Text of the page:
Thursday, June 16, 2011

Good News from New Westminster!

BREAKING NEWS: The Canadian Supreme Court declined the appeal from the breakaway churches. The Anglican Church gets back all its properties and the Schsmatics are out. (h/t Diana Butler Bass)

There's an article in the Vancouver Sun which begins:
VANCOUVER - The Anglican Church Bishop of New Westminster expressed relief today that the Supreme Court of Canada refused leave to appeal a B.C. trial court ruling.

The decision by the nation's top court means the trial ruling will stand, putting an end to a dispute launched by a group of dissidents who split from the Anglican Church of Canada over same-sex marriage blessings
Read the rest here. There's also a link to the Statement from long-time friend and ally Bishop Michael Ingham ... pictured here in 2004 with me and Michael Hopkins at the "Half Way to Lambeth Conference" in Manchester UK. (A lot of water under the Anglican bridege since THAT photo was taken!)

Bishop Ingham's statement includes:
The money, time, and energy taken up by this long and unnecessary conflict can now be directed back to the real work of the Church.

We are, and continue to be, respectful of genuine differences of conviction among faithful Christians. In a spirit of mutual respect, it is now time to move forward together.

No member of any congregation in this Diocese need leave the buildings in which they worship. However, the clergy who have left the Anglican Church of Canada must now leave their pulpits. I will work with these congregations to find suitable and mutually acceptable leaders, so that the mission of the Church may continue in these places.

I pray that in time these sad divisions may be healed.
Let the people say "AMEN!"

(And from the Canadian Court's mouth to the California Court's ears ... may we here in the Diocese of Los Angeles likewise be liberated from legal wranglings and freed to get on with the work and witness of the Church!)


Patricia Brush said...

Here is how we did it in Ottawa (news release of February 13):

Diocese reaches agreement with ANiC leaders at St Alban’s and St

After months of negotiations, the Diocese of Ottawa has reached an
agreement with the leaders of two congregations that have left the
Anglican Church of Canada. The agreement was approved by Diocesan
Council on January 16 and by the two congregations at special vestries.

In 2008, clergy and congregations in the historic churches of St.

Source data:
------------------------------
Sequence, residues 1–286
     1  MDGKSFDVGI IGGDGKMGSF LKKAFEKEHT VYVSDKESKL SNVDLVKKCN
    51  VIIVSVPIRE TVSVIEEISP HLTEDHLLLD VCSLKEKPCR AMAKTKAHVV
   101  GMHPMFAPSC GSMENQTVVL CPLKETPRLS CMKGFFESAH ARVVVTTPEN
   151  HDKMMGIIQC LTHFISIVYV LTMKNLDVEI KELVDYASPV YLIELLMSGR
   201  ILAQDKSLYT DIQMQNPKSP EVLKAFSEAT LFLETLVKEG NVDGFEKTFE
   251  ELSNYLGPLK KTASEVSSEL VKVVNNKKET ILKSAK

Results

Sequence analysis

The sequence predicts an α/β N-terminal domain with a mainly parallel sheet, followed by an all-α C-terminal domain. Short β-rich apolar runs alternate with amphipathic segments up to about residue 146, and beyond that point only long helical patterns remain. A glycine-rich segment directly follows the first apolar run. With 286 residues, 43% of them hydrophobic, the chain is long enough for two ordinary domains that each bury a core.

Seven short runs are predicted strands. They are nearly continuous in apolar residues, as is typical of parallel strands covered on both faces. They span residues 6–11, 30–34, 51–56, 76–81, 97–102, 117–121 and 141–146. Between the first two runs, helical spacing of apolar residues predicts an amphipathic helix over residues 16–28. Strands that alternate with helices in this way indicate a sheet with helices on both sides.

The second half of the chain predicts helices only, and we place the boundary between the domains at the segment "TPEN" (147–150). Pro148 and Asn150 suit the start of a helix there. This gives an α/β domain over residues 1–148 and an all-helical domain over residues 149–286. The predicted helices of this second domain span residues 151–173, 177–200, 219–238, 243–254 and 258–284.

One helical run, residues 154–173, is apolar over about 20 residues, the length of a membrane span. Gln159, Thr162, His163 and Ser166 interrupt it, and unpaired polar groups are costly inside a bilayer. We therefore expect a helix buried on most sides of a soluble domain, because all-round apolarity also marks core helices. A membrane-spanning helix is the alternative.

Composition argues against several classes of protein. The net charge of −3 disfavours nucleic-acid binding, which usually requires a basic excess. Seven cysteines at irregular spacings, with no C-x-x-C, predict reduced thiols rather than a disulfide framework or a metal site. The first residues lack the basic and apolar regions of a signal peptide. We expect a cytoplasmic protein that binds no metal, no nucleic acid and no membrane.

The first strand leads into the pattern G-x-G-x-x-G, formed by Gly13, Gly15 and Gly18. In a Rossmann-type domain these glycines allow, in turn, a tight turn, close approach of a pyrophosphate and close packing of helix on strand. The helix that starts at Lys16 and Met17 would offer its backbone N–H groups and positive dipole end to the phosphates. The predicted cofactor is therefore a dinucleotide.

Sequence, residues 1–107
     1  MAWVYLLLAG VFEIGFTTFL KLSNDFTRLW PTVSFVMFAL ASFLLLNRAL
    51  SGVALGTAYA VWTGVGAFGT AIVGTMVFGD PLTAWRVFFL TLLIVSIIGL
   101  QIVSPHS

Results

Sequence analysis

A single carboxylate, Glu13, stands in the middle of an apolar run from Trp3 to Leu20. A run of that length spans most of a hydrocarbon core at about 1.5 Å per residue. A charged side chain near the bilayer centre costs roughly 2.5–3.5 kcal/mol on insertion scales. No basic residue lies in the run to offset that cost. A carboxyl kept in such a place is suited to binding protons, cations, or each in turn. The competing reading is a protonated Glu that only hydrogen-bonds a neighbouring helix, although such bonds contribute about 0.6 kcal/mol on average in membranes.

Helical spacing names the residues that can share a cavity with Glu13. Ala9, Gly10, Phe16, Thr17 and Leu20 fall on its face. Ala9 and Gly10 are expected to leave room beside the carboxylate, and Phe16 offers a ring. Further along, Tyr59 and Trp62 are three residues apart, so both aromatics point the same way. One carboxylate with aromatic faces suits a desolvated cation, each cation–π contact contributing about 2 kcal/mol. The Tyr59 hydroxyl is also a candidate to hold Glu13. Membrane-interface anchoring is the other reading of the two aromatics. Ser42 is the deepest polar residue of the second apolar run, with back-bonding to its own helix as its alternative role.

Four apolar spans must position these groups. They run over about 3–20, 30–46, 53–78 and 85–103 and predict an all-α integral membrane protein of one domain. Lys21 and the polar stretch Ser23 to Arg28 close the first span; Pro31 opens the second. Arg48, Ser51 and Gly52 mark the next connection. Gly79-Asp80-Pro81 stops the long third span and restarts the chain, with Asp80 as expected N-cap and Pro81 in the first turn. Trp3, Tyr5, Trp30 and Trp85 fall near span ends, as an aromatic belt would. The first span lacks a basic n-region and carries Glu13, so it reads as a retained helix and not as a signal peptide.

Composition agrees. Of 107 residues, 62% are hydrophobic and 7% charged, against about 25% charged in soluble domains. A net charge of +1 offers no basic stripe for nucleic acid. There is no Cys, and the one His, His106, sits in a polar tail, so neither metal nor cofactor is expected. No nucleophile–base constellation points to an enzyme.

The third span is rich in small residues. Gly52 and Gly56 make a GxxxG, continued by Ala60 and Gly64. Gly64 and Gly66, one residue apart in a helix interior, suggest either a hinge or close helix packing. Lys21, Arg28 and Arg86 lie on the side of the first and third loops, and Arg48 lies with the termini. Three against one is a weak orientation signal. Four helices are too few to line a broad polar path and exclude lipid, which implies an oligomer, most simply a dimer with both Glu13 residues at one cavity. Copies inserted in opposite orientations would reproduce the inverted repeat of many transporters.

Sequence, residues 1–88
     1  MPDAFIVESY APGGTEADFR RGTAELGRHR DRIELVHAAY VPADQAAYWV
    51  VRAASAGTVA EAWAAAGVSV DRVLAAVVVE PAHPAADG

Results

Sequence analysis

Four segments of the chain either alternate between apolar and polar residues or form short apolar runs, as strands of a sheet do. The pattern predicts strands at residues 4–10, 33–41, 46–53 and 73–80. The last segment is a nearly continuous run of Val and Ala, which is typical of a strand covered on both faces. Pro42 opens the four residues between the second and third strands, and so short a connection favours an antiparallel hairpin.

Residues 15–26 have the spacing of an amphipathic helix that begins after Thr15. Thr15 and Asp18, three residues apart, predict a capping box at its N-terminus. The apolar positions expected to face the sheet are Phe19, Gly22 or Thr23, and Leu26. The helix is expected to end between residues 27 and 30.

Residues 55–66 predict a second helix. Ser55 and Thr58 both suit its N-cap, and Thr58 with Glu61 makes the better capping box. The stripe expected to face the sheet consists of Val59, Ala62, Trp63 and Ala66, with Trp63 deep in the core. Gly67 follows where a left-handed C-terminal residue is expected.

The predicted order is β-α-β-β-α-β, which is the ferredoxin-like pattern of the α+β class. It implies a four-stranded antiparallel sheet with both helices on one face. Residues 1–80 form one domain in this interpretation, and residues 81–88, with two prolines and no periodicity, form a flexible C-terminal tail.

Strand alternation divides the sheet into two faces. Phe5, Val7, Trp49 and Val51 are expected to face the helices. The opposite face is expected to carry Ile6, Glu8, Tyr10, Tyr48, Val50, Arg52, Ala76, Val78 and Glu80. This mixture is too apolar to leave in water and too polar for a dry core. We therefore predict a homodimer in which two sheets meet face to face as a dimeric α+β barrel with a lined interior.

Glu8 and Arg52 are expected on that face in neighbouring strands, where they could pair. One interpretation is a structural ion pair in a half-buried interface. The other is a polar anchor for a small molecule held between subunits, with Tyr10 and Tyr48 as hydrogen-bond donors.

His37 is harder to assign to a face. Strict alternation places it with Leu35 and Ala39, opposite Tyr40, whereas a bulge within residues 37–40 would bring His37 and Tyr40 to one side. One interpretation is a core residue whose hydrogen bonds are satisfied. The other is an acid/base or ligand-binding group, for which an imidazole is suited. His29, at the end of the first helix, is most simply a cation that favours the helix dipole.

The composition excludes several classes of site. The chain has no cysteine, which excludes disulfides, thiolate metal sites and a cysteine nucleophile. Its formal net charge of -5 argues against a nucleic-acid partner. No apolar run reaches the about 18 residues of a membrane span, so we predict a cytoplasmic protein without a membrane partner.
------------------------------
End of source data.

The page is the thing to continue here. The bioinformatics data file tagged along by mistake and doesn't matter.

Alban’s and St. George’s in downtown Ottawa voted to join the
Anglican Network in Canada (ANiC) because of their opposition to the
direction the Diocese and national church were taking, especially in
regard to the blessing of same-sex civil unions.

Under the agreement, which follows a three-year dispute:

The Diocese will disestablish the parish of St. George’s and sell the
property to the ANiC congregation for a substantial sum of money. The
property will be renamed once the sale is completed by March 1.
At St. Alban the Martyr, the ANiC clergy will leave by July 1, with
the understanding that members of the congregation are welcome to
stay and become part of a renewed parish with Diocese of Ottawa clergy.

Bishop John Chapman says he is very grateful that this agreement has
been accomplished without the need and expense of a trial. “We worked
together in good faith, mindful that the people of God deserve
nothing less.” In that spirit, he points out that the two ANiC
congregations and their clergy were able to have use of the
properties pending a settlement.

“We now look forward to renewing our ministry at St. Alban’s and
investing the money received from the sale of St. George’s in new
ministry elsewhere in the Diocese,” he adds.

The second oldest Anglican parish in the city, St. Alban’s, on King
Edward Avenue, was established in 1865. Canada’s first prime minister
and his wife, Sir John A. and Lady Macdonald, and six members of the
cabinet were parishioners during the 1870s.

Between 1976 and 2000, the church was also home to Anglican Social
Services - Centre 454. For 56 years, the Centre has provided a
supportive community for people who are homeless or at risk of
homelessness. As an integral part of renewing its ministry at St
Alban’s, the Diocese intends for Centre 454, currently in a leased
downtown location, to return home.

The parish of St. George’s began in 1885 with the purchase of the
Methodist Episcopal Church on Metcalfe Street, and among its early
parishioners was Sir Charles Tupper, who later became prime minister.

The Diocese of Ottawa, established in 1896, is part of the Anglican
Church of Canada, which is recognized by the Archbishop of Canterbury
as a member of the Anglican Communion, the world’s third largest
Christian denomination.

David@Montreal said...